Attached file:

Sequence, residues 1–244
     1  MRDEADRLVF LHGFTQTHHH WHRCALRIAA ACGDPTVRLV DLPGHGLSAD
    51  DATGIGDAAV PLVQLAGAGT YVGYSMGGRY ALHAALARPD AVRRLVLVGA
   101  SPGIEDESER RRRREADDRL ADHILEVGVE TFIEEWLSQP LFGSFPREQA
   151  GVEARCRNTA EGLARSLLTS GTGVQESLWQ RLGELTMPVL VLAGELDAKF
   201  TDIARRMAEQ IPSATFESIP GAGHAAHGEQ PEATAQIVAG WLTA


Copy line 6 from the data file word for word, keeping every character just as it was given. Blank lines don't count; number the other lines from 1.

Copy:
   201  TDIARRMAEQ IPSATFESIP GAGHAAHGEQ PEATAQIVAG WLTA